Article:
I wanna be a hero

Probably just voicing that thought condemns me to being a coward.  But I’ve never been in a life or death situation.  Listening to all the news about the jet that went down makes me wonder what I would do in an emergency.  I venture to guess that most of us like to think that we would perform admirably in the heat of battle or in a life or death situation.  I know there are some who have already made up their minds to save themselves and to hell with the rest.  I don’t condemn that thinking. If you don’t look out for yourself, who will.  But I’m sort of the opposite of that: I have made up my mind to save others at the expense of myself.  Only because I’m old enough and have lived enought that I’m ready to go. My only question is whether I would have the intestinal fortitude to follow through if given the opportunity. I am squeamish around human’s who are bleeding profusely. My knees shake when I get a good dose of adreniline.  I am deathly afraid of heights. So I know that I am not “fearless.” My only hope is the thought that I’ve heard expressed elsewhere that bravery is not fearlessness in the face of danger, but rather the ability to overcome your fears and force yourself to do what you believe is the right thing in the face of your fear.  Kudos to the crew of the jet, and to the passengers who helped others off before themselves.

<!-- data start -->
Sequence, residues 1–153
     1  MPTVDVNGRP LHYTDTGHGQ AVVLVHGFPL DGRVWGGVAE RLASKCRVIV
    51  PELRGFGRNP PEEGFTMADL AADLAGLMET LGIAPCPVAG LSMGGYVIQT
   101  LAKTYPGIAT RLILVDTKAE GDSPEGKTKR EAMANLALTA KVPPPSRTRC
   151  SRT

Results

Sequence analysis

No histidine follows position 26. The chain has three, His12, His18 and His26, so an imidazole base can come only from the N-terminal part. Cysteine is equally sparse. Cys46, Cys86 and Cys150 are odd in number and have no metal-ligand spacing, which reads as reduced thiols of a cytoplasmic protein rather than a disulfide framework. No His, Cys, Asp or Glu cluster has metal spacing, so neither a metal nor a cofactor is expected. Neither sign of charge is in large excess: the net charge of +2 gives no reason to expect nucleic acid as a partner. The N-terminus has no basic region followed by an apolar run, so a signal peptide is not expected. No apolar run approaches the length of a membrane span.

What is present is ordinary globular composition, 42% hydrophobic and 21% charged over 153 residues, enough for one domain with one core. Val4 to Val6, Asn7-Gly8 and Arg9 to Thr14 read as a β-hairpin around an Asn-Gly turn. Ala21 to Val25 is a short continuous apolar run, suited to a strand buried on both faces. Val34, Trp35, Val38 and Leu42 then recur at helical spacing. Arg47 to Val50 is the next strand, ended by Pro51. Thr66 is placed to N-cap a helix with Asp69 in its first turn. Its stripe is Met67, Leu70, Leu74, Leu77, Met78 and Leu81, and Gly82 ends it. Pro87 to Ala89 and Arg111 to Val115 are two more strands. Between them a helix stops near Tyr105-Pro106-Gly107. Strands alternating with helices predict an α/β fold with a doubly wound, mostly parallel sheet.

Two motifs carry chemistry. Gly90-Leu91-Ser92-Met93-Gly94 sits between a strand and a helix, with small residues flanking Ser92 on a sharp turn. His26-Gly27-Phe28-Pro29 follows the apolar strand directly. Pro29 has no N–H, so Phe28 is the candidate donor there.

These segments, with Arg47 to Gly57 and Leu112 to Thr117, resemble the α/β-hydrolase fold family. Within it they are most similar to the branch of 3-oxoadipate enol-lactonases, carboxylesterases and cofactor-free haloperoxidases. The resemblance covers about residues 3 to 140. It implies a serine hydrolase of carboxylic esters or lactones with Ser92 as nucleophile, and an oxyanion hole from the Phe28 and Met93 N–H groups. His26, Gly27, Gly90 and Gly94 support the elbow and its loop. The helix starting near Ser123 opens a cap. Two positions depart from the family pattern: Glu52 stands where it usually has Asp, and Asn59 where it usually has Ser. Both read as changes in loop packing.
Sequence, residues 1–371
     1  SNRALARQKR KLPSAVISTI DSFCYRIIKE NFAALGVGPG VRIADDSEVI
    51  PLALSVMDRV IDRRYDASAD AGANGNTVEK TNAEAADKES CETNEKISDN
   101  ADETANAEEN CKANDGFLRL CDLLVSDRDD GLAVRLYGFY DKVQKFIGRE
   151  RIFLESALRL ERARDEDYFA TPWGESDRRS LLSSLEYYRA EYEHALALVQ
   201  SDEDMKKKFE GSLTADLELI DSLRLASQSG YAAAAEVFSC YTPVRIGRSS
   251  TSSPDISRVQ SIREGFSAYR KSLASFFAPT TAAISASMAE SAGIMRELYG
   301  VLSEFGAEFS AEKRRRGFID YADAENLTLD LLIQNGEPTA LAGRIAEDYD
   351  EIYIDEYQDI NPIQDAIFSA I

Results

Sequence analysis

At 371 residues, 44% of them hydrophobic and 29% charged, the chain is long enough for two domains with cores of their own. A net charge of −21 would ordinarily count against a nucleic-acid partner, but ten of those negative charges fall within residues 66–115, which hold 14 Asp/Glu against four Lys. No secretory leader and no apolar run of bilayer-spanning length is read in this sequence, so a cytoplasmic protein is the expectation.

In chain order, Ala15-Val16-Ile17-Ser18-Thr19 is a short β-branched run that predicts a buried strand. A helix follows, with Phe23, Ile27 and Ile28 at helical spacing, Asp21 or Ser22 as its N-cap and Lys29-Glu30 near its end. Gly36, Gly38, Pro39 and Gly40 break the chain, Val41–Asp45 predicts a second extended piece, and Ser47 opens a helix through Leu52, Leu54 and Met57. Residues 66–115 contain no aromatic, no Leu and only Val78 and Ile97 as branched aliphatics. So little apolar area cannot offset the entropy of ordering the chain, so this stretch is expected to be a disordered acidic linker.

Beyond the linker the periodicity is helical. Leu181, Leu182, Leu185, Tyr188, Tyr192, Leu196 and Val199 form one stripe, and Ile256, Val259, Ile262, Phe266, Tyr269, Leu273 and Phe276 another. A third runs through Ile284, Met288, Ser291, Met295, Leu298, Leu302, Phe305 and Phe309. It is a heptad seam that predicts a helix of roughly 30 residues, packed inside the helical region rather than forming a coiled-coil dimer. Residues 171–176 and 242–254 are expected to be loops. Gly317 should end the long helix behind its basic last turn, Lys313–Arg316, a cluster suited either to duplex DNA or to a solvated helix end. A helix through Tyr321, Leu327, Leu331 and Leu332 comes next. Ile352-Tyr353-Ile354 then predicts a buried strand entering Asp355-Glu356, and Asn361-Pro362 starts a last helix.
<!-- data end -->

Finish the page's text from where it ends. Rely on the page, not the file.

8 responses to “I wanna be a hero

  1. I sat down and watched all the coverage last night. Incredible. I have never liked flying…never. I’ll do it because I have to, but I like my feet on solid ground and I also am REAL freaky about heights. Makes me sick to my stomach. I admire all those people who kept their composure during the rescue and am not real sure how I would have reacted. If I would have had my grandson with me…I would have freaked, no doubt, but think I could have kept my head in order to make him safe. I was on a rescue squad in the area for a few years and actually had a calming effect on the people that I was helping. I’m great during a crisis, but fall apart afterwards….it’s why I finally had to give it up. I experienced a horendous accident involving kids that I knew. It was horrible. I never went back.
    This pilot should receive a metal.

  2. I’ve often thought about being on a rescue squad, and being a cop, but…

    I’m thinking that some of my squeamishness is because when I was four and 1/2 my mother ran a stop sign and was hit on her side. I rode next to her in the ambulance–she was moaning and otherwise out of it. She died at the ER. I don’t know, it is hard to say how it has effected me. I do know that the last time I was at her gravesite (I’m not a big gravesite visitor) after 10-15 years I broke down and cried. This was maybe 5 years ago. My wife hypothesizes that I am a heartless bastard because I didn’t have my mother’s influence on me growing up…Prolly TMI, I know.

  3. when I was 15 I was sent thru the windshield of my 3rd fathers old Ford pickup when he tried to miss a small dog. I have also been in a car that went thru guardrails and flew to the bottom of a 250 foot embankment. I have spent countless nights in the hospital when I was “brave” enough to stick my arm in a ringer washer…yeah, I was kinda stooopit back in the day. Many teeth have been sacrificed for crazy bicycle stunts and my head likes hitting stuff for no apparent reason.